If our youth are "seen as scum then they act like scum". This was one forthright explanation for the recent riots by a Salford mother. This was certainly one of the explanations for the misbehaviour of football fans in the 1970s and there may be something in it. This may not be a popular view and it is much more likely that you hear about criminals on the street. However the lady on the news was overheard by a gentleman who felt that just because the local youth have nothing, "it doesn't give them the right to smash things up". I am sure that there is a lot of support for this view but not from the lady who was being interviewed. He also felt that "young kids who are unemployed and have nothing to do so let's go and smash some shops up". The lady was angry and felt that it was this man's "ignorance that makes kids do what they do".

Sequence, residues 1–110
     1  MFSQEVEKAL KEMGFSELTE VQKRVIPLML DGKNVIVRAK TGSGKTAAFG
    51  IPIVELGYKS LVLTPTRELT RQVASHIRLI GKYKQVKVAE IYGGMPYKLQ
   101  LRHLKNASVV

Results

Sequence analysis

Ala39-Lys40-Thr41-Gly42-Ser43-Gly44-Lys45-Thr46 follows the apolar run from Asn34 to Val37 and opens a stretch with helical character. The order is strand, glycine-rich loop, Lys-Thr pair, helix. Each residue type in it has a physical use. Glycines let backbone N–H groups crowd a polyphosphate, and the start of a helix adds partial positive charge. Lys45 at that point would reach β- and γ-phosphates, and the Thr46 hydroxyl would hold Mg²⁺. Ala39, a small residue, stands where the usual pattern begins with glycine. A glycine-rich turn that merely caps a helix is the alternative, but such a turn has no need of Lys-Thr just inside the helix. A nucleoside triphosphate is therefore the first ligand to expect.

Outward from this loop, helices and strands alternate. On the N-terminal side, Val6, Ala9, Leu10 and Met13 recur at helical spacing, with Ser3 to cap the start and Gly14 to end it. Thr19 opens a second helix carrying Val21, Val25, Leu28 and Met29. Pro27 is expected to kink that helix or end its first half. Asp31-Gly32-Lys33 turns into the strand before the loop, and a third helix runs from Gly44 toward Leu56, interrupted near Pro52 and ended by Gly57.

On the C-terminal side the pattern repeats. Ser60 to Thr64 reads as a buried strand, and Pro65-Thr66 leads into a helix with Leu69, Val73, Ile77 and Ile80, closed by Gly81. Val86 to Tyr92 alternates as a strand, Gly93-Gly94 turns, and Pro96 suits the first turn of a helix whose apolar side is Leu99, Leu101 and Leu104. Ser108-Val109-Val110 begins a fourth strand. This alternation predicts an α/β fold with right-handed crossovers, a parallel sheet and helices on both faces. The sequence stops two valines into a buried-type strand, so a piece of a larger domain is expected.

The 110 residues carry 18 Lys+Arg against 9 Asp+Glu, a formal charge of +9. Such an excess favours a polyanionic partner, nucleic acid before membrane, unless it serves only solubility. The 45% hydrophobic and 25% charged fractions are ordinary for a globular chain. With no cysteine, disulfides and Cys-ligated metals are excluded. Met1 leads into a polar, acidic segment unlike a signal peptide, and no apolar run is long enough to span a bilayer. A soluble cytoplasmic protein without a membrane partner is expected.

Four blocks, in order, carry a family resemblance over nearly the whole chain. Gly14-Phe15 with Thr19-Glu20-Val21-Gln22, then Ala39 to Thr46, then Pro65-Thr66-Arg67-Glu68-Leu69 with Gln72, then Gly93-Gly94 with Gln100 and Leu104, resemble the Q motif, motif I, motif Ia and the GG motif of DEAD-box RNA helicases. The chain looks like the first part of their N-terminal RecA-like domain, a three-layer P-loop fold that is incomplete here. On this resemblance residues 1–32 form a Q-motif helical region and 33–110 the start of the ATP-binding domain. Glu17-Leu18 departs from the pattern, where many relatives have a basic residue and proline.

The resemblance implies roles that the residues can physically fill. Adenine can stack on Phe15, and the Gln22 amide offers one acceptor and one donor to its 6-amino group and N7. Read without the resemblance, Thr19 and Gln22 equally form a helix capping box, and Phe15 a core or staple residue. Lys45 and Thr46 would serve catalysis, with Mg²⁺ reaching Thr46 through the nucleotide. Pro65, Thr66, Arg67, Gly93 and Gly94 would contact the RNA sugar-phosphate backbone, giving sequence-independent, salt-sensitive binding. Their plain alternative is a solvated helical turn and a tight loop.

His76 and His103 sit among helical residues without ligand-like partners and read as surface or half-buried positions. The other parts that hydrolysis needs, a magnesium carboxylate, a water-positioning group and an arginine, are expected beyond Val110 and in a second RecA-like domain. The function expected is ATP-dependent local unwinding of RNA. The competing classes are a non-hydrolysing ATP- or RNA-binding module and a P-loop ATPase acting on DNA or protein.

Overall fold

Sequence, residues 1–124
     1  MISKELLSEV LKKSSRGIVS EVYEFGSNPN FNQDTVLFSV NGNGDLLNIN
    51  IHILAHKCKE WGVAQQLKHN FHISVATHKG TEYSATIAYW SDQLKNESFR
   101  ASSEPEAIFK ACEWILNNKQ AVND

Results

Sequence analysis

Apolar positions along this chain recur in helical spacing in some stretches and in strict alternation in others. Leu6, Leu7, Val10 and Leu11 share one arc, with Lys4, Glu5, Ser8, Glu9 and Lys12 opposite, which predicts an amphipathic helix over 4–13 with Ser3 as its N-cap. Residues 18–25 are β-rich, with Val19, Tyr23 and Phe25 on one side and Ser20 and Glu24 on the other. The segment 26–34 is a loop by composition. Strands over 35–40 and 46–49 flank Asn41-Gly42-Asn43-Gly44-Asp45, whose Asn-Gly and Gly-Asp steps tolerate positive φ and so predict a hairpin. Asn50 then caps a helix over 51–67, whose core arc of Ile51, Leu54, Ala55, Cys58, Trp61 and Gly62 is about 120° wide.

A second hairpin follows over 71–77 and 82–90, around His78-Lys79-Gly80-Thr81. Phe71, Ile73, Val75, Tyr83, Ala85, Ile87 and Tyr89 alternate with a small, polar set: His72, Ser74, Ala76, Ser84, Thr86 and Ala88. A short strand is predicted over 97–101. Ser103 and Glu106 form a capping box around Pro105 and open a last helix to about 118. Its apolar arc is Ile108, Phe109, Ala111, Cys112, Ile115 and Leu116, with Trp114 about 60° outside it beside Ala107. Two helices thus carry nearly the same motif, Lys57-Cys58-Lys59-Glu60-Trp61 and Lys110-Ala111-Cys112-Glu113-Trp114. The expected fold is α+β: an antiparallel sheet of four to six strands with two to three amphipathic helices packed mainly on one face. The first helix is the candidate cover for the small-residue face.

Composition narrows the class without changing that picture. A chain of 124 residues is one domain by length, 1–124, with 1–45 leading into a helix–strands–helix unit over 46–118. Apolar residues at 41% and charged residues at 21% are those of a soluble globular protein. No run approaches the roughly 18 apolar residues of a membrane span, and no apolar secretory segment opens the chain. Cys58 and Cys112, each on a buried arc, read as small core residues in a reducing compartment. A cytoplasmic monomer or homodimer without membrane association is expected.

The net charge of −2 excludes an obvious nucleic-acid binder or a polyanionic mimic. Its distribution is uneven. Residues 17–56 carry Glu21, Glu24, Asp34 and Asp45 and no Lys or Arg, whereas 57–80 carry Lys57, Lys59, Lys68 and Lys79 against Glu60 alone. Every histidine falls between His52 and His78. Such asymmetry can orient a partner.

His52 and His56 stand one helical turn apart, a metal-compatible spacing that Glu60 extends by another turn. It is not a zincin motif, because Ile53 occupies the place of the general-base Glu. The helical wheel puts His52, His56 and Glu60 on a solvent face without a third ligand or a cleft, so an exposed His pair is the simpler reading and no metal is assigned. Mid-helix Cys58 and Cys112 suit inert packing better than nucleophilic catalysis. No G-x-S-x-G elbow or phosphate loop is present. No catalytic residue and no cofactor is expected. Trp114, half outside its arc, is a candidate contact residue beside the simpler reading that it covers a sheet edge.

Another lady was even more angry at those who had blamed parents. She claimed there were 10,000 people in that area on the previous night and they were not kids. She was interrupted by a supporter of riots shouting "let's have a riot" It seems that he can't get a job because foreigners are coming in to do the jobs that he could do. I wonder if there are any other explanations. The reporter responded by saying that nobody would invest in areas where riots take place to which he replied "that's up to them isn't it".

There may have been a genuine cause for concern that started the riots. If there was then it has long been forgotten. It is obvious that we have people rioting because they are criminals. Less obvious is the motive of those who are rioting for other political reasons. This is not the time to question motives. This is not the time to interpret the role of parents or investigate whether portions of our society view themselves as "scum". It is certainly not the time to wonder if our collective ignorance (not that of one man in Salford) causes the riots. It is time to condemn the riots and to call for peace.